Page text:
Patient Preferences and Physician Practice Patterns Regarding Breast Radiotherapy
D. J. Hoopes1, D. Kaziska2, D. Weed3, B. D. Smith4, E. R. Hale1, P. A. Johnstone3 Wright-Patterson Medical Center, Wright-Patterson Air Force Base, OH, 2Air Force Institute of Technology, Wright-Patterson Air Force Base, OH, 3Indiana University School of Medicine, Indianapolis, IN, 4Wilford Hall Medical Center, Lackland Air Force Base, TX 1
Purpose/Objective(s): Current strategies for breast radiotherapy (RT) following breast conservation surgery differ in total treatment time, volume treated, invasive vs. noninvasive nature, and the level of supporting evidence. There is a paucity of literature describing patient preferences for breast RT strategies and little information on physician practice patterns. Materials/Methods: Using a reliable and valid instrument, we conducted a cross-sectional mail-based survey of 5,000 randomlyselected women at risk for breast cancer (undergoing mammography) in military-health-care systems in Ohio and Texas, as well as a large integrated medical system in Indiana. A total of 2,150 randomly-selected United States physician-members of ASTRO were also surveyed using a mail/fax strategy. Results: To date, 1,735 women (35%) and 363 physicians (17%) have responded. Patient treatment preferences by fractionation/volume scheme were as follows: shortened whole-breast RT (S-WBRT, e.g., 4,256 cGy in 16 fractions) 62%, partial breast irradiation (PBI) 28%, and conventional whole-breast RT (C-WBRT) 10%. By comparison, 82% of physicians use C-WBRT for more than 2/3 of women and 56% never use S-WBRT. When evaluating various PBI strategies, 62% of women preferred external beam PBI vs. 38% who would prefer brachytherapy PBI. By comparison, 37% of physicians offer external beam PBI, 54% offer MammoSite or similar PBI, and 10% offer interstitial catheter PBI. A total of 71% of women would prefer once-daily RT over 10 days vs. twice-daily RT over 5 days. Fifty-five percent of physicians do not offer PBI as part of a clinical trial and less than 30% of women treated with PBI are enrolled on trial. Seventy-six percent of physicians listed clinical trial data as the most important factor when selecting a breast RT regimen. The 95% confidence interval is \ ± 2.4% for all patient items and \ ± 5.2% for all physician items. Conclusions: The majority of women surveyed would prefer S-WBRT over PBI and conventional RT while, despite level I evidence supporting S-WBRT, a minority of physicians offer S-WBRT. There is also a discrepancy between women’s preferences for PBI modality (EBRT PBI favored over MammoSite) and type of PBI currently offered by United States physicians. The majority of PBI is not performed as part of a clinical trial. Once-daily PBI strategies are preferred by women and merit future study. Further analysis, including factors influencing patient/physician preferences, is ongoing. Author Disclosure: D.J. Hoopes, None; D. Kaziska, None; D. Weed, None; B.D. Smith, None; E.R. Hale, None; P.A. Johnstone, None.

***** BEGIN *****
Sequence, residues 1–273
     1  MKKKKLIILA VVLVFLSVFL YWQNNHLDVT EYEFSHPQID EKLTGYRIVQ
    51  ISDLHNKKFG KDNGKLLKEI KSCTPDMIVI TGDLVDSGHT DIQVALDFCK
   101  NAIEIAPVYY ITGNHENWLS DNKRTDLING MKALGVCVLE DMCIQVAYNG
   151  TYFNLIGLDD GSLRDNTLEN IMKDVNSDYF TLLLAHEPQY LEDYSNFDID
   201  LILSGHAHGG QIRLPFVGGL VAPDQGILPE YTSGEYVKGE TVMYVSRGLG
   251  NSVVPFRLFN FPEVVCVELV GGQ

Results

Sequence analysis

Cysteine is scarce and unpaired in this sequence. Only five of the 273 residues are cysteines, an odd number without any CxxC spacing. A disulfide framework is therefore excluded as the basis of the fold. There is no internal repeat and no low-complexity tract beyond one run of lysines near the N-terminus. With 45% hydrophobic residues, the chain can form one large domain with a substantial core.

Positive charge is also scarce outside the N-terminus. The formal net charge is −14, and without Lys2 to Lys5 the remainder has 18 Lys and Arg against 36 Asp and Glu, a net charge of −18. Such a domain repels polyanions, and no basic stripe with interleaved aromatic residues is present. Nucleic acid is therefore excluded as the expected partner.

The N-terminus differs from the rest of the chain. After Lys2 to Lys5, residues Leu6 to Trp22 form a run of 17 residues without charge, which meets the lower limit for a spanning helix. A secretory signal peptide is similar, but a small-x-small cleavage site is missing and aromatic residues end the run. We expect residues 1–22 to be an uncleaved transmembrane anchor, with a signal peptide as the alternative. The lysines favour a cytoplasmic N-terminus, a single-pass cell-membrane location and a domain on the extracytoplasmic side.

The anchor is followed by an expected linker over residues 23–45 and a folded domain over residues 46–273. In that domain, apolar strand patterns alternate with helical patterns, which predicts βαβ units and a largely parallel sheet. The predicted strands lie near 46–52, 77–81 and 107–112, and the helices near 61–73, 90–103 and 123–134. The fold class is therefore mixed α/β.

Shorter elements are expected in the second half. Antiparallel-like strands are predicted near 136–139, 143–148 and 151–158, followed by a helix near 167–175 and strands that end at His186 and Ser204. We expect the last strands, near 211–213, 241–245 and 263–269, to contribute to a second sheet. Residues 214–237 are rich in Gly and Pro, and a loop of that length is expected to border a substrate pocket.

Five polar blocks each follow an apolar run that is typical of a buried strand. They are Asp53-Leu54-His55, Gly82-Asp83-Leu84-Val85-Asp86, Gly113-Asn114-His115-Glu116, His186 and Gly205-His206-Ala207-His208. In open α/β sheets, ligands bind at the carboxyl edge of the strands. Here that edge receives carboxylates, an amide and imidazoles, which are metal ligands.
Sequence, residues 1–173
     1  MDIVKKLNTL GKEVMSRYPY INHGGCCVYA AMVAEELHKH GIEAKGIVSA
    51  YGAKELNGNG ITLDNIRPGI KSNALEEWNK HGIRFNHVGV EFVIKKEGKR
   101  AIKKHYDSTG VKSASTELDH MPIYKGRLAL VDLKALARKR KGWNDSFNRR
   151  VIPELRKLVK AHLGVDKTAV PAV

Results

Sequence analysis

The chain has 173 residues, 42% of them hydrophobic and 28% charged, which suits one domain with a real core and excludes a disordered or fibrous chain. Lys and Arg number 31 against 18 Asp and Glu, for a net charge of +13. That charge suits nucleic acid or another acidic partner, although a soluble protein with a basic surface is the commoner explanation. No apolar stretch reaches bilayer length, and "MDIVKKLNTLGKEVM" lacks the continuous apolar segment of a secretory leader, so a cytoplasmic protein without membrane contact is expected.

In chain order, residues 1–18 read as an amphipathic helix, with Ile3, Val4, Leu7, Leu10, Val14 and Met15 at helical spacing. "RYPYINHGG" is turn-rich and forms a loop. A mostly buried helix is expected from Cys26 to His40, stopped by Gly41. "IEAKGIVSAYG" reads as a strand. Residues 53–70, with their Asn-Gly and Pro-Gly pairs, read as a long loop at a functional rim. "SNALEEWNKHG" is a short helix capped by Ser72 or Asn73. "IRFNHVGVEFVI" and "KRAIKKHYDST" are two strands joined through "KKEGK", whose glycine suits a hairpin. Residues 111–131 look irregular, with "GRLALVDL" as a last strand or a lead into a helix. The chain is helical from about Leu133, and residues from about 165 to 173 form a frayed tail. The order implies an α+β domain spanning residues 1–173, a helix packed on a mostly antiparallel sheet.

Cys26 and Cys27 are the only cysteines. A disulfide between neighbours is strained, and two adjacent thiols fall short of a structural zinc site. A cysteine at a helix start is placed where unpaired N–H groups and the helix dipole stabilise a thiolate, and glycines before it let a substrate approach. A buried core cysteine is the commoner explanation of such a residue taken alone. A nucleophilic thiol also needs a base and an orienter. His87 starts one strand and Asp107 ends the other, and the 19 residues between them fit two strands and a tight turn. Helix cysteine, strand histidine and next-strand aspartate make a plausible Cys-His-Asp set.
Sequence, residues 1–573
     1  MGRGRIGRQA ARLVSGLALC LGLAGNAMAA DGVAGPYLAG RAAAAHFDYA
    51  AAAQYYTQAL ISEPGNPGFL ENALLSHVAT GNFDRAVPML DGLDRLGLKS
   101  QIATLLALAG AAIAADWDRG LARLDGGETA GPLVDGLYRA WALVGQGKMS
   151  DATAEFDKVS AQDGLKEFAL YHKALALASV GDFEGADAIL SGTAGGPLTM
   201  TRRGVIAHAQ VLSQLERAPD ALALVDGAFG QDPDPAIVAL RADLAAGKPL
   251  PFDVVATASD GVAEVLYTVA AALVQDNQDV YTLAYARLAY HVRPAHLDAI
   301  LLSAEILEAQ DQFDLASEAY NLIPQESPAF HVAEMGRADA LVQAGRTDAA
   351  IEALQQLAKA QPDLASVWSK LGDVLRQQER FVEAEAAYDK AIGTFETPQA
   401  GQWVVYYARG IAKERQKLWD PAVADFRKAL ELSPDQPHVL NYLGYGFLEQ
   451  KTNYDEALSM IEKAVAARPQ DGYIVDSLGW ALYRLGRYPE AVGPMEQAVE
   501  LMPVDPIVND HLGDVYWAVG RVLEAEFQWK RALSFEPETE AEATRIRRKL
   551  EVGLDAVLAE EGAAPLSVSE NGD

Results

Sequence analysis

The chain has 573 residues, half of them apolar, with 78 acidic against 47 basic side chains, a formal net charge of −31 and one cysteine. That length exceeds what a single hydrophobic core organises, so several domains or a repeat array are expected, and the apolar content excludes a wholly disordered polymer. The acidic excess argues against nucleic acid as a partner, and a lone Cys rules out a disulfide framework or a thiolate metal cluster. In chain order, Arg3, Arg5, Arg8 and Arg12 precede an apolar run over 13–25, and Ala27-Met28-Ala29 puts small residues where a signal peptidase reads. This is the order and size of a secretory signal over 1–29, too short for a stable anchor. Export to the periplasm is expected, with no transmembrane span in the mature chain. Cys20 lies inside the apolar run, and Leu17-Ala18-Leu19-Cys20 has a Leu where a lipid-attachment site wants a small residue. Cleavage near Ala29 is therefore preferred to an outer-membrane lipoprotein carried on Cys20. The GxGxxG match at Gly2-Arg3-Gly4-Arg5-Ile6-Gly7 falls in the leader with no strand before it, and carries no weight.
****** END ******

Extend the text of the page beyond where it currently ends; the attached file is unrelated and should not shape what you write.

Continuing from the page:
Role of Regional Nodal Irradiation in Breast Cancer Patients with Pathologic-negative Lymph Node after Neoadjuvant Chemotherapy and Conservative Surgery
C. Daveau, D. Stevens, E. Brain, O. Berges, M. Gardner, S. Villette, P. Moisson, B. De la Lande, A. Labib, R. Le Scodan Centre Rene´ Huguenin, St.-Cloud, France Purpose/Objective(s): The value of lymph node irradiation (LNI) for breast cancer (BC) patients with pathologic N0 status (pN0) after neoadjuvant chemotherapy (NAC) and breast-conservative surgery (BCS) is unknown. We compared the outcomes of pN0 patients following NAC and BCS who received breast radiotherapy (BRT) with or without LNI.